How to do a Chinese IPO

Before I begin with today’s lesson on bringing a Chinese IPO to market, please digest the following stats culled from Dealogic via MarketWatch:

  1. There are 16 Chinese companies in the IPO on deck circle right now
  2. They expect to raise  $590 million in the US market over the next 6 months
  3. This is on top of the 19 Chinese companies that have already come public here since the beginning of the year
  4. Chinese IPOs here  have raised a combined $1.78 billion since January 2010
  5. Chinese companies secured $685 million in September alone

Want in on that action?  Here’s a quick list of Do’s and Don’ts.

Do: Be sure to include the word “China” somewhere in the name of the company.  Just like every single American company is called America something or other, right?

Don’t:  Ignore the importance of having China in the company’s name.  As an alternative because so many of these names are being taken, you may use the name of a Chinese region or province.  Just make sure it sounds nice and Chinesey for your new shareholders in Plano, Texas.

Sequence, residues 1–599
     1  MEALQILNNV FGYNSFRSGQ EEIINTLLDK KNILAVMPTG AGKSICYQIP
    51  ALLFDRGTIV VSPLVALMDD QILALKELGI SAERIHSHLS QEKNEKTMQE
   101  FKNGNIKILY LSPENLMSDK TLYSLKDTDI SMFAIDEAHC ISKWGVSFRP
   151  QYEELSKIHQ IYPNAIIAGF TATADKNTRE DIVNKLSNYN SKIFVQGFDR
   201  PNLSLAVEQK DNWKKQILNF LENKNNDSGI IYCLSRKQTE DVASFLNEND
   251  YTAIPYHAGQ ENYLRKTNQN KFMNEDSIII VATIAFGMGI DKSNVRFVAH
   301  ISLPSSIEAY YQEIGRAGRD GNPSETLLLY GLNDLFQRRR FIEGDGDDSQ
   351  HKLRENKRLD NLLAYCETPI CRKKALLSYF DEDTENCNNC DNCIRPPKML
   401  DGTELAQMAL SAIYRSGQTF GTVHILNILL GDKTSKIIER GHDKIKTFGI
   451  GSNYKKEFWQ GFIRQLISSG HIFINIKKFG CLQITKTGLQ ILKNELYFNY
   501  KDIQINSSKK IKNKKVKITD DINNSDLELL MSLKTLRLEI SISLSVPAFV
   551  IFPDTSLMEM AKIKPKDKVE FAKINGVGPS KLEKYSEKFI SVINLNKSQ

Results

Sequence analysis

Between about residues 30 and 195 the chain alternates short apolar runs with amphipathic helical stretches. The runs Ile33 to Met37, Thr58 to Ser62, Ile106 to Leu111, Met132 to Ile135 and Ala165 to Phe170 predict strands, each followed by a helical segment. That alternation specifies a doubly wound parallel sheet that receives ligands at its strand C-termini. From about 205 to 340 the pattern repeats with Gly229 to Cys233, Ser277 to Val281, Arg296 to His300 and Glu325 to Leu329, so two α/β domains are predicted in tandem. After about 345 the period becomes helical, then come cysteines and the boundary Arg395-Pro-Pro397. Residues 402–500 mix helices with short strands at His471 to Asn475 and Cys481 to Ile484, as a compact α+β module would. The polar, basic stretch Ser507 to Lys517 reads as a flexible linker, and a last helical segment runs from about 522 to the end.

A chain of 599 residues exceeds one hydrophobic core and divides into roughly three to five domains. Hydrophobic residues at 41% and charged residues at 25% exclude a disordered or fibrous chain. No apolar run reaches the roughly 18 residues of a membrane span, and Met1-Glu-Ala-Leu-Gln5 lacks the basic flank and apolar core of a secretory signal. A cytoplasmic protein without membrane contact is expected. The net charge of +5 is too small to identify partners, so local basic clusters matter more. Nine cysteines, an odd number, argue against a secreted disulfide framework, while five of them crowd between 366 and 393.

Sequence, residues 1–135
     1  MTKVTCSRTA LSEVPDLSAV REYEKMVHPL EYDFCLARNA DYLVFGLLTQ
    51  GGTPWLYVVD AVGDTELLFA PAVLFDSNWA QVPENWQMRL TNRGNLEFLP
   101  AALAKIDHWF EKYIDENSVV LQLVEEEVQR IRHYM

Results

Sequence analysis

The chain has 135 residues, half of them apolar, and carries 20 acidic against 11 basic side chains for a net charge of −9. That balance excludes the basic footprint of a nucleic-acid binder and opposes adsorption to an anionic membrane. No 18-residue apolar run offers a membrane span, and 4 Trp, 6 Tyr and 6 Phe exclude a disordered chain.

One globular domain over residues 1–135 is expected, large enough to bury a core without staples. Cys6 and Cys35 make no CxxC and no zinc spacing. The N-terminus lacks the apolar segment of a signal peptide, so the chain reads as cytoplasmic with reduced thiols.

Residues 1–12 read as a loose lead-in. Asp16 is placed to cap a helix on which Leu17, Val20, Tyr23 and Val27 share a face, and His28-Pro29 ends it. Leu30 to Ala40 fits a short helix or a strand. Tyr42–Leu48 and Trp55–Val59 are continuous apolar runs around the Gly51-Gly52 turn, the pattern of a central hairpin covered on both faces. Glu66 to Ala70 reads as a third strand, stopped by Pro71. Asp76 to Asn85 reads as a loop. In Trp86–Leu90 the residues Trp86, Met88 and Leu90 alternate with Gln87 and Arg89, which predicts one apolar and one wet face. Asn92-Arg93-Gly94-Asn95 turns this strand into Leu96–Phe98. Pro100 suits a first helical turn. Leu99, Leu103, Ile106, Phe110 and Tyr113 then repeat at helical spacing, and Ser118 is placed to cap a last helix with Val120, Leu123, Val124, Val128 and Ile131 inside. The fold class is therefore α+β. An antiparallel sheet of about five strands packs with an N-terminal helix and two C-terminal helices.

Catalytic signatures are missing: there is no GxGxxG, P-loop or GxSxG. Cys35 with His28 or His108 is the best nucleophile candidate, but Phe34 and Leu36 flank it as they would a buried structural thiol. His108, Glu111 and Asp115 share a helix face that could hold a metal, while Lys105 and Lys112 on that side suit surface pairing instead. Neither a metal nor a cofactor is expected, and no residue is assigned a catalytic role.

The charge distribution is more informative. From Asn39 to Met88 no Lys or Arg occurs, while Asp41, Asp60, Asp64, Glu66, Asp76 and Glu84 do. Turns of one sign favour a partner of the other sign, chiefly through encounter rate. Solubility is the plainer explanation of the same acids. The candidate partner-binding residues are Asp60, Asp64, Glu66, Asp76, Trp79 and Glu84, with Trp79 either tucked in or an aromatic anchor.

Do: Secure bell-ringing on either the NYSE or the NASDAQ.  It is essential to get the ticker symbol out there or else none of the ETF makers and daytraders will know how to find you!

Don’t: Talk too much about the fact that even though you are China Pool Cleaning Company, there aren’t many pools in China.

Do:  Introduce your CEO or Chairman as the ____ of China.  The Warren Buffett of China is cool, the Bill Gates of China, the J-Woww of China…you get the idea.

Don’t: Hire US auditors until after the public offering.  That Sarbanes Oxley nonsense will only slow down the works.

This list is an excellent starting point.  Be sure to do a PIPE offering to influential hedge funds prior to shopping for bankers.  The hedgies’ involvement in your stock and their desire for an exit will make things go much quicker, getting you to that opening bell ceremony that will set you for life.

Good luck!

Full Disclosure: Nothing on this site should ever be considered to be advice, research or an invitation to buy or sell any securities, please see my Terms & Conditions page for a full disclaimer.

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